A Mighty Heart (2007) -vs- Proof of Life (1988)

Mark Sanchez, Featured WriterThe Smackdown

Real violence trumps reel violence, although maybe not when selling tickets. “A Mighty Heart” opened small over the weekend ($4 million) and may not grow much. Michael Winterbottom  directed this real life horrorshow surrounding the final weeks in the life of Wall Street Journal reporter Daniel Pearl. The stakes are also life and death in Taylor Hackford’s 2000 action drama “Proof of Life.” This movie handled violence theatrically and recouped its $65 million production costs. Both films are sharply scripted, offer real star power–and raise a disturbing question: What leaves the indelible impression on a film, real terror or reel terror?

The Challenger

The terrible events of “A Mighty Heart” unfolded with the whole world watching. Daniel Pearl covered the war on the Taliban as events moved between Afghanistan and Pakistan in early 2002. He was prepping to leave Karachi as he sought that last elusive interview. Danny’s fateful decision had lethal consequences and his kidnap touched off an international manhunt. Pakistani security forces and American officials followed false leads to dead ends as Mariane Pearl endured this ordeal while several months pregnant. Her memoir formed the basis for John Orloff’s taut screenplay. Events wash over crowded, dark streets with slow progress. In this overheated environment Danny Pearl was especially vulnerable: As an American and a Jew his kidnappers accused him of working for the CIA or the Israeli Mossad. His captors –not all– were arrested, but not before committing a final, revolting outrage: They videotaped his beheading.

The Defending Champion

“Proof of Life” places its drama in a fictional South American country, Tecala. Businessman Peter Bowman (David Morse) is grabbed by rebels involved in cocaine trafficking and kidnapping after losing their Soviet benefactors. His employers hire hostage negotiator Terry Thorne (Russell Crowe) to gain Peter’s release. Along the way he and  Bowman’s distraught wife, Alice (Meg Ryan) develop a growing attraction. Screenwriter Tony Gilroy includes a prickly sister in law (Pamela Reed) and corrupt local authorities to complicate the job of rescuing Bowman. The action builds to a high-risk finale in the mountains.

The Scorecard

Here is where the question of real/reel terror flexes its muscle. We see the unspeakable evidence on the nightly news. Someday terror may lose the power to outrage. But not yet. Angelina Jolie mesmerizes as Mariane Pearl who maintains dignity and a mighty heart in heartbreaking circumstances. Passion crackles like electricity in Archie Panjabi as Mariane’s friend Asra. Irfan Khan is outstanding as the head of the anti-terrorism unit in Karachi. Dan Futterman bears a striking resemblance to Daniel Pearl. In contrast, “Proof of Life” handles its passions differently. People are tortured and shot in a tableau of high production values and well arranged anomie. The producers found the right man in Russell Crowe; Meg Ryan shows none of perkiness and few of the actorish tics we often associate with her work. Both films made headlines apart from the productions: Crowe and Ryan had an affair that ended her marriage; two dozen members of the production crew suffered altitude sickness shooting at 14 thousand feet in Equador; David Morse’s stand-in died in a location accident. Angelina Jolie apologized for insisting journalists attending the premiere sign a written pledge not to ask about her personal life.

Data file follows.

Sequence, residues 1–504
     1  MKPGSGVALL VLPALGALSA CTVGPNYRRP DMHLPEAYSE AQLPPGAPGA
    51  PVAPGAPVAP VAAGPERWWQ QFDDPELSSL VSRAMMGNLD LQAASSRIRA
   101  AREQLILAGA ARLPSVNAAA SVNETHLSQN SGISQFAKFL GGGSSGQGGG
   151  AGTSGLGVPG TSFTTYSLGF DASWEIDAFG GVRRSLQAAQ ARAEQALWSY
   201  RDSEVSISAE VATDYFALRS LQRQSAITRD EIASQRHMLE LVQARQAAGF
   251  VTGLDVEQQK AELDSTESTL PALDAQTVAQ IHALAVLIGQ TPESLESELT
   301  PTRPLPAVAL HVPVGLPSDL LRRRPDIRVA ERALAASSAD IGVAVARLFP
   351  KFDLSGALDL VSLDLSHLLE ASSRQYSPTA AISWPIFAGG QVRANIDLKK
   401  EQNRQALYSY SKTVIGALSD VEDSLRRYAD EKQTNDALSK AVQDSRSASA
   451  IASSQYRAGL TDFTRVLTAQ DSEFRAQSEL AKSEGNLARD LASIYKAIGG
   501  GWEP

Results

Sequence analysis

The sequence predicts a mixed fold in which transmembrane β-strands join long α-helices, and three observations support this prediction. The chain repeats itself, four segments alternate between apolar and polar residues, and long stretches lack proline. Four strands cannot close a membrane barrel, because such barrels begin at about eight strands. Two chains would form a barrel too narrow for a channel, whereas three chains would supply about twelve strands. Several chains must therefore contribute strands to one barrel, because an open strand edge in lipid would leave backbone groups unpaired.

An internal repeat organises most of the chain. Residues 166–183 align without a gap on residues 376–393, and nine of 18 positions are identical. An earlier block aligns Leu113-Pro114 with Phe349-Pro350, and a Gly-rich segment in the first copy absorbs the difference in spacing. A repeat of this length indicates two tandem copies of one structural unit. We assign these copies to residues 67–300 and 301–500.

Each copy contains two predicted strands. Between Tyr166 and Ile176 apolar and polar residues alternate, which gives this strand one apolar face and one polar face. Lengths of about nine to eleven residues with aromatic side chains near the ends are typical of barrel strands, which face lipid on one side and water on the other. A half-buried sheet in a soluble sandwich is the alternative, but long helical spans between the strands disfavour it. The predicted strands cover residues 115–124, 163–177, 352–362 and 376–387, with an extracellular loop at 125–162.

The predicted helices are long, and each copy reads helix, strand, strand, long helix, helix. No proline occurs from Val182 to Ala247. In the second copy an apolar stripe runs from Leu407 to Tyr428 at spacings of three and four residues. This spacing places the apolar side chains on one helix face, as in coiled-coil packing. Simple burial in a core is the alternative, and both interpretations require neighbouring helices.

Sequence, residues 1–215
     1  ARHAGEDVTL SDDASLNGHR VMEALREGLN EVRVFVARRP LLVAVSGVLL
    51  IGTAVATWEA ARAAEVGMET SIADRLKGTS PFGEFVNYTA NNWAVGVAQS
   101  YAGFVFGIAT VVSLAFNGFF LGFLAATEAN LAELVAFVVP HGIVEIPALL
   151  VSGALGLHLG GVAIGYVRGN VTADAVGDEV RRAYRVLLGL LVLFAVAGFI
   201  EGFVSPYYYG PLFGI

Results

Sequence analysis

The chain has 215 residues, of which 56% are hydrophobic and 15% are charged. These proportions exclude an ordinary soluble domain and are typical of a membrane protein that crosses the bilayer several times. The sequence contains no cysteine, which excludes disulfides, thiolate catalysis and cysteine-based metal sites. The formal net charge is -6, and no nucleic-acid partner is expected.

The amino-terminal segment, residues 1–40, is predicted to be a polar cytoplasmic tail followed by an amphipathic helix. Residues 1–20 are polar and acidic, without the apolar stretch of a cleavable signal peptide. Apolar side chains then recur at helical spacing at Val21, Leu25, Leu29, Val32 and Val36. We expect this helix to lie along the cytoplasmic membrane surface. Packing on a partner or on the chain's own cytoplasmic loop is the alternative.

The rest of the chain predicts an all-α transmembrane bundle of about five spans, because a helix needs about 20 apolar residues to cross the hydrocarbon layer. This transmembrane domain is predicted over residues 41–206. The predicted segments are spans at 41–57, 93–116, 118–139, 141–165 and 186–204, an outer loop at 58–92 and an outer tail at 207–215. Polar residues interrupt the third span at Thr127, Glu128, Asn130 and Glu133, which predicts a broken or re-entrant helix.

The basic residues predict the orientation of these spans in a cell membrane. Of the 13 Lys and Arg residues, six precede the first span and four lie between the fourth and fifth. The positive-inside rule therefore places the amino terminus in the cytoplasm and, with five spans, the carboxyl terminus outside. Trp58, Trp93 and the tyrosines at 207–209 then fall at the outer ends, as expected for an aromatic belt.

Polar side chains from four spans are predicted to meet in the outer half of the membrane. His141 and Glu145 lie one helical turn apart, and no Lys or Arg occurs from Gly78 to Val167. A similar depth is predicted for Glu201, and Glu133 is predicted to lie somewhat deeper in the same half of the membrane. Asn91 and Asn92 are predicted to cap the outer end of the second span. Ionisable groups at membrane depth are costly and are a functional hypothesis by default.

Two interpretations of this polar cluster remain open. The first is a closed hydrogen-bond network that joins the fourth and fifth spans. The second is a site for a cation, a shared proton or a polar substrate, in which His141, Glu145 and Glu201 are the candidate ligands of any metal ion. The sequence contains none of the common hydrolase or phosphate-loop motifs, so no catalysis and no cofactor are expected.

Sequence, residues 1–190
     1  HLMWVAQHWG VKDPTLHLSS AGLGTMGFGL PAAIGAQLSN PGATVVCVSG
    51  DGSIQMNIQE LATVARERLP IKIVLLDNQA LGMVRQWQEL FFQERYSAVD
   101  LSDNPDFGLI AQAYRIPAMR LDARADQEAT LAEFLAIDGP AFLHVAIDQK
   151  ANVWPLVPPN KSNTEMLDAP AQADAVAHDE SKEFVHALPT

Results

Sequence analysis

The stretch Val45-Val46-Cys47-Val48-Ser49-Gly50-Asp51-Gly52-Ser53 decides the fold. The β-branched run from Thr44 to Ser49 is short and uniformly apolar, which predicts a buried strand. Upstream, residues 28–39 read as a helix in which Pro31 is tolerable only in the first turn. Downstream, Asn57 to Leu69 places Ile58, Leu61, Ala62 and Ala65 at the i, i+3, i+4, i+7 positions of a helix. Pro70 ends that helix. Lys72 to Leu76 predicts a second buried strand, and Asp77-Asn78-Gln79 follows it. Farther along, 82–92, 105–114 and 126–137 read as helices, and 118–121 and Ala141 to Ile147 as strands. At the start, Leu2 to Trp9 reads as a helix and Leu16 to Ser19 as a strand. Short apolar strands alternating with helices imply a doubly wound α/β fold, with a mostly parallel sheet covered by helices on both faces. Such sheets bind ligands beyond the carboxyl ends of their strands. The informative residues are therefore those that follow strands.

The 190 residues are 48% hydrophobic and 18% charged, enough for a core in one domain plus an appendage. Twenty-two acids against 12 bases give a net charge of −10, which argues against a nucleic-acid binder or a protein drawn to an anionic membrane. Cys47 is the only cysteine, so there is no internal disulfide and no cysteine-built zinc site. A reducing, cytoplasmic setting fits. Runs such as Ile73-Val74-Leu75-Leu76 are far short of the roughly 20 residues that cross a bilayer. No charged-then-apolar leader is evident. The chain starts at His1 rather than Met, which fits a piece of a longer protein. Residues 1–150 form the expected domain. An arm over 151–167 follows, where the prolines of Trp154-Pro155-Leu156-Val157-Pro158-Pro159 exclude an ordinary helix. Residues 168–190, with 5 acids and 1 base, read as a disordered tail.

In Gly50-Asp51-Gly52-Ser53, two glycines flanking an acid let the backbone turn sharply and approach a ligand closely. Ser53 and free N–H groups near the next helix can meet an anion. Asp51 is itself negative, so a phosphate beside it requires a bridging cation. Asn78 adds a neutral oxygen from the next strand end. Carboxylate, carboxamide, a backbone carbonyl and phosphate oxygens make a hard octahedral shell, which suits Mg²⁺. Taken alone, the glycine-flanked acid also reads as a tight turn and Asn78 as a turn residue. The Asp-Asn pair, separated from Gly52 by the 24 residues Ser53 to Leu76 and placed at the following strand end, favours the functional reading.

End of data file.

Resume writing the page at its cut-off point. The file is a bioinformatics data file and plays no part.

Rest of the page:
And the winner is…

The Decision

“A Mighty Heart” shows more heart. Neither film denies the power of violence, but it’s blunted, almost prettified by the high technical achievement in “Proof of Life.” Perhaps it would have benefited from being rougher looking. Both try to be even-handed in portraying the third world settings in which the stories take place, neither condemning nor glorifying the people there. “A Mighty Heart” makes the tedium and tension and ultimately, the horror, seem almost palpable.  The producers showed tasteful restraint: they did not recreate Daniel Pearl’s murder or show that video (I saw it on my own and regret it). They demonstrate the deepest terror is not inflicted in the streets, but in the human heart. That’s why real terror leaves an indelible mark compared to reel terror, why “A Mighty Heart” will remain vivid long after the other film shows no proof of life. See it now.


About Mark Sanchez

Oregon based media and communications consultant Mark Sanchez is on the fifth or sixth step of his recovery program from his career as a television news reporter. And that’s the way it is. Mark has been an Oregonian since the Reagan administration and shows no signs of leaving. He lives in Portland — a city that is famous for its transit system, its rain, its independent film community and, lately, for the TV series Portlandia, which Mark notes is about half-true, but to protect confidential sources he won’t say which half.
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One Response to A Mighty Heart (2007) -vs- Proof of Life (1988)


  1. I agree that Mighty Heart is the better film, but I’d also say that Mighty heart was overrated by critics and Proof of Life underrated. I think they’re both worth watching.
    For whatever reason, while I appreciated Mighty Heart technically, it didn’t draw me in emotionally in the way that I’d hoped it would. It reminded me a lot, actually, of United 93 in its restrained approach to the material. But I thought United 93 was the far better film of the two. Hmm… more fodder for Smackdown? 🙂

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